Best hotel/hostel experience: I’ve stayed at a lot of amazing hotels. Casa Polopo overlooking Lake Atilan in Guatemala, the Ritz-Carlton in Key Biscayne (work trip, please people, I’m not that fancy), and the Glu Hotel in Argentina. But I think Dom Pedro Palace in Portugal wins. Not to be confused with the Lagos hotel, this was where we made our homebase in Lisbon. The hotel beautiful and clean, and the selection of wine and beer excellent. We also became best friends with the staff. In fact, on our last night there, our new friend Ricardo and his wife took us to hear traditional Fado music. It was a very cool, authentically Portugese, non-tourist experience.

Favorite family vacation: My family didn’t really travel a lot when I was growing up. I think that explains my crazy urge to travel as an adult. But we did take lots of car trips up to the Catskills, where my grandparents live. They live in this cute little town near Monticello. We spent our time waterskiing, jetskiing and swimming at the nearby lake, and learning how to ski at a tiny ski resort a few miles from their house.

Must-have packing item: Face wipes. Great items to have in your bag if you’re away from your hotel all day. Or for those moments you find yourself camping or in a scorpion-filled Bedoin tent with no plumbing.

Most unbelievable travel experience: Renting a golf cart and driving it around Uruguay for the day. On highways and all!

Favorite “I can’t believe I’m doing this” moment: Eating, drinking and dancing with women artisans and their families in a tiny little village in the mountains of Fez, Morocco

Place you can’t wait to return to: France – it’s been over a decade since I was there.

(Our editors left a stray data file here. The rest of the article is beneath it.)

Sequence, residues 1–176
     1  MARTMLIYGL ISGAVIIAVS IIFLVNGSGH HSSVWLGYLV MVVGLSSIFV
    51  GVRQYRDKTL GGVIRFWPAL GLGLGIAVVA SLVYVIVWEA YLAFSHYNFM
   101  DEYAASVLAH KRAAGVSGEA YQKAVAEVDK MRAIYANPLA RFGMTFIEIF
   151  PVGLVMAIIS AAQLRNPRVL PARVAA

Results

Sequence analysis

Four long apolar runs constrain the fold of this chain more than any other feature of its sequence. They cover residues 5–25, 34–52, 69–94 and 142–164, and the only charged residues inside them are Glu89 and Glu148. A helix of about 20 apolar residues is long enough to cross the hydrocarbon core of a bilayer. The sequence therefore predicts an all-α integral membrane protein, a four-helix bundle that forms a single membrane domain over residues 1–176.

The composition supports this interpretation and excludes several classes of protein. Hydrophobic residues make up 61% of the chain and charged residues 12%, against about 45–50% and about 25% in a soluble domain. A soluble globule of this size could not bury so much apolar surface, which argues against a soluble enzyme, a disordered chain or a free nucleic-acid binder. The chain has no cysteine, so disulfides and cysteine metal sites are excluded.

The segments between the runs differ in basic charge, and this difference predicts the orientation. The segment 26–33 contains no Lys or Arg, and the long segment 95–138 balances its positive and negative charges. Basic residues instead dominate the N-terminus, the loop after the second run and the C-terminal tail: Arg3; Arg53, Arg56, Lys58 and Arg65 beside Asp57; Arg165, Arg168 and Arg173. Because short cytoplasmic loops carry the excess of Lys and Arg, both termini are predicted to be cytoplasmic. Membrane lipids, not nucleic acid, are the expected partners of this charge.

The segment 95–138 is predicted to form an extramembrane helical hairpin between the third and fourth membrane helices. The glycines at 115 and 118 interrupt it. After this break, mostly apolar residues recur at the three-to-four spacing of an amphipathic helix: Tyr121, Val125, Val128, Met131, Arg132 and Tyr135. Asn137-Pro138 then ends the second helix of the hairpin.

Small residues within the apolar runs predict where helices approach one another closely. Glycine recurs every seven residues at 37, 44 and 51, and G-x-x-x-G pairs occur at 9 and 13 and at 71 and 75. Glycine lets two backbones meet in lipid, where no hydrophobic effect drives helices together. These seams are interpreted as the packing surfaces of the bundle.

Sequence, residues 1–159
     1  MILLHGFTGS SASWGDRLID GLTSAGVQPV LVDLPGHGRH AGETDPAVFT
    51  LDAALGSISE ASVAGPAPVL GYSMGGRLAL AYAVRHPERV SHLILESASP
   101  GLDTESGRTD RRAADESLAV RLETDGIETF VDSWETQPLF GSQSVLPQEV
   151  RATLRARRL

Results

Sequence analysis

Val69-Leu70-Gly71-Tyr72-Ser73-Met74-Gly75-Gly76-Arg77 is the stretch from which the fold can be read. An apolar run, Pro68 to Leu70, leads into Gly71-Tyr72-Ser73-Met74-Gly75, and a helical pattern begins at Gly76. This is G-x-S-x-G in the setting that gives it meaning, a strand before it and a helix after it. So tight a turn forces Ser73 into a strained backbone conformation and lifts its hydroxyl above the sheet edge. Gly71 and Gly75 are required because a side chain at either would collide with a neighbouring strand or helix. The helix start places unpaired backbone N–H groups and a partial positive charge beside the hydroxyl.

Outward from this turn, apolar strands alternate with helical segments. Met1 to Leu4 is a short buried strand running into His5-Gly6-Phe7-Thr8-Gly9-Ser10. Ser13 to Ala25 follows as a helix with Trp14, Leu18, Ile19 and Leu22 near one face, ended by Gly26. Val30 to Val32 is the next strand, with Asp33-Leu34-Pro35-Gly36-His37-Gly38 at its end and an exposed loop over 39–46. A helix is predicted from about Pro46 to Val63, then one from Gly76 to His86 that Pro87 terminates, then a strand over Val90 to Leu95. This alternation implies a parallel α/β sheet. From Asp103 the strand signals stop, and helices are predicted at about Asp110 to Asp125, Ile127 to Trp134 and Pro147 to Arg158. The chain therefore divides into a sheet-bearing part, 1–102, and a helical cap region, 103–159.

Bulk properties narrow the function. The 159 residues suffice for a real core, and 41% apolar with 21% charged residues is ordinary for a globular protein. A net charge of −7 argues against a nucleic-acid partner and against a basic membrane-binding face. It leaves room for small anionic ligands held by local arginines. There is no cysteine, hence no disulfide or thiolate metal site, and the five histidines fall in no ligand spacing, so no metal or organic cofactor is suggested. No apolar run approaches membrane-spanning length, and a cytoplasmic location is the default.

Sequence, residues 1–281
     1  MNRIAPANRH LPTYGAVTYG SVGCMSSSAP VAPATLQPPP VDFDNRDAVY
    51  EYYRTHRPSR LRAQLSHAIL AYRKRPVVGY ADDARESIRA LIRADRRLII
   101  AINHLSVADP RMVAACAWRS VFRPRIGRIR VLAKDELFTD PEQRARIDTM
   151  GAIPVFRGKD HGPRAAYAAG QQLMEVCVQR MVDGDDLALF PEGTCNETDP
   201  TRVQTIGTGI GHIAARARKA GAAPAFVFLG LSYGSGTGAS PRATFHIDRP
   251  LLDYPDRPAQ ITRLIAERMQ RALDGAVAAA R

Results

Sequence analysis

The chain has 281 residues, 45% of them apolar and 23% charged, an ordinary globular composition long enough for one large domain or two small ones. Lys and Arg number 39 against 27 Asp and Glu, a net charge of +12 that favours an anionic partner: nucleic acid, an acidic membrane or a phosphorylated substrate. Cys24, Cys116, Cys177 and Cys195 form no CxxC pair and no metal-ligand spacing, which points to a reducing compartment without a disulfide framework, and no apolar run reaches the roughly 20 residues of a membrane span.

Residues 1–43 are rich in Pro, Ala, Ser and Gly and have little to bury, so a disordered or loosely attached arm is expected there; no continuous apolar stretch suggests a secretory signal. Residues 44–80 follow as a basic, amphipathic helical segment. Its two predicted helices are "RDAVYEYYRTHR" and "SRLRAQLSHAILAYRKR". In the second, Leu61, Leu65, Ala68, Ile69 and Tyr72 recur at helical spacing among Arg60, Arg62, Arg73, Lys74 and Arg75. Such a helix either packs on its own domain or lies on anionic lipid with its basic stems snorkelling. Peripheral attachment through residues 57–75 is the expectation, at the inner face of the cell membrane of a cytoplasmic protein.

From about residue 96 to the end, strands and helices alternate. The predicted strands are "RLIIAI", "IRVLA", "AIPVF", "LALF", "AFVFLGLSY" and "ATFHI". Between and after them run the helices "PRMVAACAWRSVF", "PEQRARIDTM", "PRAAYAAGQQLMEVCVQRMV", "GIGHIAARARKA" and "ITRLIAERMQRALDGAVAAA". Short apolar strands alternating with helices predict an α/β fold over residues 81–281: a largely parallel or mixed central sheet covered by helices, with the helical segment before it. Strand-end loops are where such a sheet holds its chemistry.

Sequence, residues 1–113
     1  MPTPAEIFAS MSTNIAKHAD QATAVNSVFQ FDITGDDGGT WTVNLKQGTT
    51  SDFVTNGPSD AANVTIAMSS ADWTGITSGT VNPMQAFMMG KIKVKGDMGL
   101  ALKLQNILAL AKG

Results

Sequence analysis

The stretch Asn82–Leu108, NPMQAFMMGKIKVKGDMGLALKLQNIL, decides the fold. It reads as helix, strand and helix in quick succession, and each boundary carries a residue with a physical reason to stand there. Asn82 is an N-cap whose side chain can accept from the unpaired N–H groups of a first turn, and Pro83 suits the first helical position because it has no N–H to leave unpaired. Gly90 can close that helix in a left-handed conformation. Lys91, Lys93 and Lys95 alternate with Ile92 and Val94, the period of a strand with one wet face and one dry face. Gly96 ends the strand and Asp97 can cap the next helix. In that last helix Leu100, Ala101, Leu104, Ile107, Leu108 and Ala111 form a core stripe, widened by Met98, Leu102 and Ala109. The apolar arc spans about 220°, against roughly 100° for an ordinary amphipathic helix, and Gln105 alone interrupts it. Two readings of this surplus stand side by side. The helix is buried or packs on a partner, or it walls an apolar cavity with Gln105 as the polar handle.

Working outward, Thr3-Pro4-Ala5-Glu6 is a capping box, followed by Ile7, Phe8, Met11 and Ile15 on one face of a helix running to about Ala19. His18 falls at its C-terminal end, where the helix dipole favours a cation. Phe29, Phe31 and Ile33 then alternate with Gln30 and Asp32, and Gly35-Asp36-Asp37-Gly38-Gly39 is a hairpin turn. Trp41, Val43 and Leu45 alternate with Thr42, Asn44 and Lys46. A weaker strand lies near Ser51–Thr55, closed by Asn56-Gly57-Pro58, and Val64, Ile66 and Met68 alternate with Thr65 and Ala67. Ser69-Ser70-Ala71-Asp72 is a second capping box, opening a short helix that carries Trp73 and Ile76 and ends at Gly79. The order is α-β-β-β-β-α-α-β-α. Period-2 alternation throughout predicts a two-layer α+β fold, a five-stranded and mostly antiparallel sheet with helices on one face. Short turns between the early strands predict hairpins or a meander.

Place you can’t be paid to return to: Fargo, North Dakota. Although, technically I was paid to go there.

Any exciting trips coming up?: New Orleans in December!

Dream vacation: Greece. Four-star hotel, with a room opening up onto a white balcony where we eat breakfast overlooking the ocean. We’d climb down and spend the day on a boat in the Mediterranean sea. Not that I’ve really spent much time thinking about this.

Favorite tourist attraction: This is cliche, but I think it may have been The Vatican in Rome – staring up at the Sistine Chapel was pretty freaking cool.

Favorite “I’m trying not to look like a tourist” attraction: This is more of an “I’m trying not to look like a tourist” moment. In Italy, I was frantically trying to get back to our hotel and trying to converse with a local shop owner to see if she could help. I was using the three Italian words I knew, none of which were “Do you happen to know where my hotel is?” She was responding to me saying, “Yes, I’ll help you find your hotel” and nodding in understanding. I was so frantic I didn’t even realize she was completely fluent in English.

Favorite travel photo: This sort of captures everything about wine country in Mendoza, Argentina in fall. It only snows four times a year and there had just been snowfall in the Andes the day before we arrived, so we got to see this rare view of the snowcapped mountains behind the red vineyards, while drinking our wine. It was pretty magical.

HEY YOU! You should be our next jetsetter!

xo,

the romantic & the wino